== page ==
Talking about risk
The UK Financial Reporting Council wants business to get serious in its conversation with investors about business risk. Vijay Krishnaswamy and Jon Hatchett tell Stephen Bouvier what these changes mean
The Financial Reporting Council, the UK’s watchdog for quoted companies, is out to raise the bar on risk management. On 6 November last year it released, for a final round of public comment, a series of tweaks to its UK Corporate Governance Code. The revamped code, it hopes, will “raise the bar for risk management by boards and communication to the providers of capital about the risks faced by companies in which they invest and how they are managed or mitigated”.
Read alongside the shake-up of disclosure requirements under IAS 19 Employee Benefits, the new FRC code is a game changer, says Vijay Krishnaswamy, head of enterprise risk management at Hymans Robertson LLP: “The FRC has proposed a number of steps for companies, their boards and auditors to take. Many of these measures are in place in financial institutions but not in corporates. In brief, the FRC wants companies to be able to identify the risks they face, articulate their risk appetite for each of them and manage them accordingly.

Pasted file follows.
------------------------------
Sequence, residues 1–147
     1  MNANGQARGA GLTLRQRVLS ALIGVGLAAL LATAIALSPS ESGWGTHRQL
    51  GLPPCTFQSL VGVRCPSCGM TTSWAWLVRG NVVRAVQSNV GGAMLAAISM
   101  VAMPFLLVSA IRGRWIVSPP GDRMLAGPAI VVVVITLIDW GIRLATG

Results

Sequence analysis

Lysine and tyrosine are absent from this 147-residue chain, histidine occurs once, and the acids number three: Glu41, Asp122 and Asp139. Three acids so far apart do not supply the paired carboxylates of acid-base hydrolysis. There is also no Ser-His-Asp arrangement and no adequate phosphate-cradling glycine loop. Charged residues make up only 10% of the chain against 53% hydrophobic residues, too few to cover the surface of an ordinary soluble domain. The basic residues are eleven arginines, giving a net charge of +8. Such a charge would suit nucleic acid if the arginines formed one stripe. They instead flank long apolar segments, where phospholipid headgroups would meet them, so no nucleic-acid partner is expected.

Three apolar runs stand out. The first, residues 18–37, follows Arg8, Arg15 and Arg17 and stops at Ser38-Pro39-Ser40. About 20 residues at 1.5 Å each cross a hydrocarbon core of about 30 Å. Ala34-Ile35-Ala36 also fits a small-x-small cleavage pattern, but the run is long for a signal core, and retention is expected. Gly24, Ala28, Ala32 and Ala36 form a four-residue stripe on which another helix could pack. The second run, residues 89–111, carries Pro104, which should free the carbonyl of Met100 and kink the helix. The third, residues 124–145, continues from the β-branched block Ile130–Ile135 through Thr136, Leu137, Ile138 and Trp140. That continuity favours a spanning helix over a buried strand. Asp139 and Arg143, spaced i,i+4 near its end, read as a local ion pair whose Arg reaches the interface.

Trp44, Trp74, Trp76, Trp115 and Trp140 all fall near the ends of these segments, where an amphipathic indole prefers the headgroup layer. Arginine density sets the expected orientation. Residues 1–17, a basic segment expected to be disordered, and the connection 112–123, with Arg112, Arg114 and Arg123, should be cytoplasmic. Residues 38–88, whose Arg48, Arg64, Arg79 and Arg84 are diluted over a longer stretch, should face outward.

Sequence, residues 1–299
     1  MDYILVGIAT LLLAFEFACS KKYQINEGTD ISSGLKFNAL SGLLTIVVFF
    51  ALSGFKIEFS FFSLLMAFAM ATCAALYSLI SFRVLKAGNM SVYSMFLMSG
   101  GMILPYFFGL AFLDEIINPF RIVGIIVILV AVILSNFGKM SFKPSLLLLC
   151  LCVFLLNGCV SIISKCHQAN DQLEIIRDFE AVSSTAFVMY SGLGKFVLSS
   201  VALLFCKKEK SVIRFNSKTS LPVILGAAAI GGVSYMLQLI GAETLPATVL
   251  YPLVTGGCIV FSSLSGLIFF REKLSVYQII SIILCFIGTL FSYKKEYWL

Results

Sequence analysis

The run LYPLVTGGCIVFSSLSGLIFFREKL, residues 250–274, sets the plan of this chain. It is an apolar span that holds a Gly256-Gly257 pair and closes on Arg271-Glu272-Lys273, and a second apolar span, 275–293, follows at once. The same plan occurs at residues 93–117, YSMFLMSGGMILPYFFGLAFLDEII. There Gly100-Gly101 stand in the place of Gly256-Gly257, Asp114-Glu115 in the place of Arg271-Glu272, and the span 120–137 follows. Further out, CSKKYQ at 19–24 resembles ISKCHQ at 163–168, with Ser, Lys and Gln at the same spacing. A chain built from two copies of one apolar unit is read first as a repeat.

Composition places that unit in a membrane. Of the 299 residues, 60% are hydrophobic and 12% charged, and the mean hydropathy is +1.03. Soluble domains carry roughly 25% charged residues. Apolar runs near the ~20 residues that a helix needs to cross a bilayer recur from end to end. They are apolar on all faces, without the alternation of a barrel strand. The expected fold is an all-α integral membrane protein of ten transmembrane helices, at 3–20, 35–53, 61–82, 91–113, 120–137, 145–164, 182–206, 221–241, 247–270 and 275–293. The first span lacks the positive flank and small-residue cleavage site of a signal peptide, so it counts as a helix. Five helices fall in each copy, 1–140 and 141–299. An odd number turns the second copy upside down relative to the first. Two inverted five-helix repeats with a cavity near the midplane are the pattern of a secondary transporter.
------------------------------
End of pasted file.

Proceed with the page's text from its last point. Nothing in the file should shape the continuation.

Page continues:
“So, from that starting point, companies must assess the risks that they are facing in their business model and take steps to mitigate or manage that risk in line with stated risk appetite. In particular, stress testing and scenario and sensitivity analyses can prove useful to measure the impact of risks and prioritise management attention.” Closing the circle, he adds, is a culture of risk-reporting to the company’s board. This is intended to enable management to both monitor risks and refine the company’s business model as necessary.
Krishnaswamy notes that his experience of banks has shown that rather than technical issues, it is the cultural change brought about by breaking down silos, performance measurement, incentivisation and communication of risk that has thrown up the greatest obstacles to change.
As for the 2011 amendments to IAS 19, these changes take effect for annual reporting periods beginning on or after 1 January 2013. In place of a tick-box approach to disclosure, the new reporting regime forces defined-benefit sponsors to think about risk. IAS 19 now articulates three disclosure principles. These call on sponsors to: